Testing the legal limits of the war on terrorism: “For better or worse, the Trump administration has shown little interest in pushing the boundaries of who may be held, and under what conditions, in conjunction with the ongoing armed conflict between the United States and al Qaeda and its affiliates,” writes Stephen Vladeck in Foreign Affairs. “Yet despite the administration’s reticence, those limits are being tested by a lawsuit that has flown largely under the public radar. Known as Doe v. Mattis, it involves an unnamed American citizen who allegedly fought alongside the Islamic State (also known as ISIS) in Syria and who has been detained by the U.S. military in Iraq since September 14, 2017.”

How militants in Iraq and Syria recruit and use children: “In a new study for United Nations University, I analyze patterns of child recruitment by 10 of the major armed groups participating in the geographically linked conflicts in Syria and Iraq,” writes Mara Revkin in the Washington Post. “I found that while children’s pathways into and out of armed groups are rarely linear and their roles are fluid, we still see several patterns.”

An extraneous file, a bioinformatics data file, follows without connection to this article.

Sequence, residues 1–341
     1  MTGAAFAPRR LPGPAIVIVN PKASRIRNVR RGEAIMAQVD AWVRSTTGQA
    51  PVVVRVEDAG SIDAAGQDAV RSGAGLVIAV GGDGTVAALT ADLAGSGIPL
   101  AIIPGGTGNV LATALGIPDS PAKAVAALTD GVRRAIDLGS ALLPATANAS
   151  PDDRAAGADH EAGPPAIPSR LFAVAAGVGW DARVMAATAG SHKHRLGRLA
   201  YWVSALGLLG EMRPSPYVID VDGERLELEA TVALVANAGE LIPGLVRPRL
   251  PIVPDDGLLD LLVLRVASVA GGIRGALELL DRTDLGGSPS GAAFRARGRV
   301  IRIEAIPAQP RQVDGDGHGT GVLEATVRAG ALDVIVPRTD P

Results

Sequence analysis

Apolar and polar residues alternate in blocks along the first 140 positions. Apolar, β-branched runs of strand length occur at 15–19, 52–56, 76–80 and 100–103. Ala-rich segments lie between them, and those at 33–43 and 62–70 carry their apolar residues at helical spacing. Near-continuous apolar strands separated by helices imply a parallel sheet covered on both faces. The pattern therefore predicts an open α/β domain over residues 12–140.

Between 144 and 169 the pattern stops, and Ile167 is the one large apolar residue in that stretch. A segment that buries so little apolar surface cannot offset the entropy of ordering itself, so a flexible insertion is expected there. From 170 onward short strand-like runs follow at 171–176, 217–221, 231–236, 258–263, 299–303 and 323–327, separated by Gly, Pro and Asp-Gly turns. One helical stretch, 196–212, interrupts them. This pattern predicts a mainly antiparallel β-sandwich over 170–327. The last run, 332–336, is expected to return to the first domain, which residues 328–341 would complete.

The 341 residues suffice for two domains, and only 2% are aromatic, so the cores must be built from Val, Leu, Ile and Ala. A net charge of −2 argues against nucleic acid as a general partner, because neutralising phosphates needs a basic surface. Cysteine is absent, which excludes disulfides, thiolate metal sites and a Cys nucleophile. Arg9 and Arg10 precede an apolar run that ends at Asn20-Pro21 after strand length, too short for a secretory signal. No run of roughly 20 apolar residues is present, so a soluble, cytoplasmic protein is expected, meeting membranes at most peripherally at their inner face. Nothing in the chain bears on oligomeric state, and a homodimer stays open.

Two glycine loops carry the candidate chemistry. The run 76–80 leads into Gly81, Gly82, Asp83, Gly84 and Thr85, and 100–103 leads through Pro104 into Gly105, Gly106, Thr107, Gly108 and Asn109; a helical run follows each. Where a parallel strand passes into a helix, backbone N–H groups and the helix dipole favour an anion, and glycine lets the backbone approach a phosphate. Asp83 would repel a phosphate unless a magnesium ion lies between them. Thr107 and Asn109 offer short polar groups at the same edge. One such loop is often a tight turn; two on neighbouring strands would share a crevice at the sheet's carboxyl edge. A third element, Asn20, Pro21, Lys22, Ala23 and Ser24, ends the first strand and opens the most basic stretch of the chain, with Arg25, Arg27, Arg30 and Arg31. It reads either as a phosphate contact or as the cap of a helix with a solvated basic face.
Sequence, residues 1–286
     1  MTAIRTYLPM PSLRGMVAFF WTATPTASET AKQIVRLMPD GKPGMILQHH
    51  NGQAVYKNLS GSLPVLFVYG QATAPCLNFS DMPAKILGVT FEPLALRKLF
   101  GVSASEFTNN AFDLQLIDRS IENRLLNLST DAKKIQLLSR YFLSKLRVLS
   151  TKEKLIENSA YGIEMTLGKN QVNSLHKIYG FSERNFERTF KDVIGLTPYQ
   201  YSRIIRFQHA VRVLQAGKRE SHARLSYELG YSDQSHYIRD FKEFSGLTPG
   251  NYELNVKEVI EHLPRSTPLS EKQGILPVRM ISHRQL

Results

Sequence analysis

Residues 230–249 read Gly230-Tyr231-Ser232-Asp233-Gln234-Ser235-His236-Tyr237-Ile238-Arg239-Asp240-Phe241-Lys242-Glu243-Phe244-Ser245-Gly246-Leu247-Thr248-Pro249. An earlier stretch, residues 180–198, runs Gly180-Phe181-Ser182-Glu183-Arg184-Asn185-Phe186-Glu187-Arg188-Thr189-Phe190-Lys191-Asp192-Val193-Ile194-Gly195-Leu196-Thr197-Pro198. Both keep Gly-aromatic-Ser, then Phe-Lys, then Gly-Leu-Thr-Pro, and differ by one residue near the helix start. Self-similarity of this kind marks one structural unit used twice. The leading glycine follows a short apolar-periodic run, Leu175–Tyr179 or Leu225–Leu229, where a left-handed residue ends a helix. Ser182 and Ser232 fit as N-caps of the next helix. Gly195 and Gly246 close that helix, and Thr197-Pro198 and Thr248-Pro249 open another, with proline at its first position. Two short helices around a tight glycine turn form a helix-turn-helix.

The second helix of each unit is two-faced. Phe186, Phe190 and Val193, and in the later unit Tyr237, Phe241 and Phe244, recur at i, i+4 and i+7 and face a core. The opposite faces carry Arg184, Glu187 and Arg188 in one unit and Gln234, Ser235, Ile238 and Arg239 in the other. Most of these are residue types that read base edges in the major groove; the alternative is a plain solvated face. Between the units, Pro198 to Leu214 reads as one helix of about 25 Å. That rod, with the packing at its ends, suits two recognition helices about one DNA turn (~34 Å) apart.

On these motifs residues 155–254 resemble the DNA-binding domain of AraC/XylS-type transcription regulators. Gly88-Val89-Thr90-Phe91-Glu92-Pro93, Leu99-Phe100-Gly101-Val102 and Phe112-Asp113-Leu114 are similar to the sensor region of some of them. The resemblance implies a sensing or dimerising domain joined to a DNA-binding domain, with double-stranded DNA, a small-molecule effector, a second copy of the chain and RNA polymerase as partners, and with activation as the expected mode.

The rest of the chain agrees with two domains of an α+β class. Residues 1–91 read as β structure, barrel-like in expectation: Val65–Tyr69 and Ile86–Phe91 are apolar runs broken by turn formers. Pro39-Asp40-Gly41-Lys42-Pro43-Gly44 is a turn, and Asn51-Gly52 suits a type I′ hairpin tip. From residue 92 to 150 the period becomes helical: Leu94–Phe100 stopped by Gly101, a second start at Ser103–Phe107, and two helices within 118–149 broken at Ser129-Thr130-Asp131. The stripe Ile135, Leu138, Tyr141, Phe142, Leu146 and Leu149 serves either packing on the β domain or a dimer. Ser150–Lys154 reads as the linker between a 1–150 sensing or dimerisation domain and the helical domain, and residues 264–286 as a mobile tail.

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The nation’s top intelligence chiefs were united Tuesday in declaring that Russia is continuing efforts to disrupt the U.S. political system and is targeting the 2018 midterm elections, following its successful operation to sow discord in the most recent presidential campaign.

Their assessment stands in contrast to President Trump, who has repeatedly voiced skepticism of Russian meddling in the 2016 election.

Russia is already meddling in the midterm elections this year, the intelligence officials told the Senate Intelligence Committee, warning that Moscow is using a digital strategy to worsen the country’s political and social divisions. Russia is using fake accounts on social media — many of them bots — to spread disinformation, the officials said. European elections are being targeted, too, and the attacks were not likely to end this year, they warned.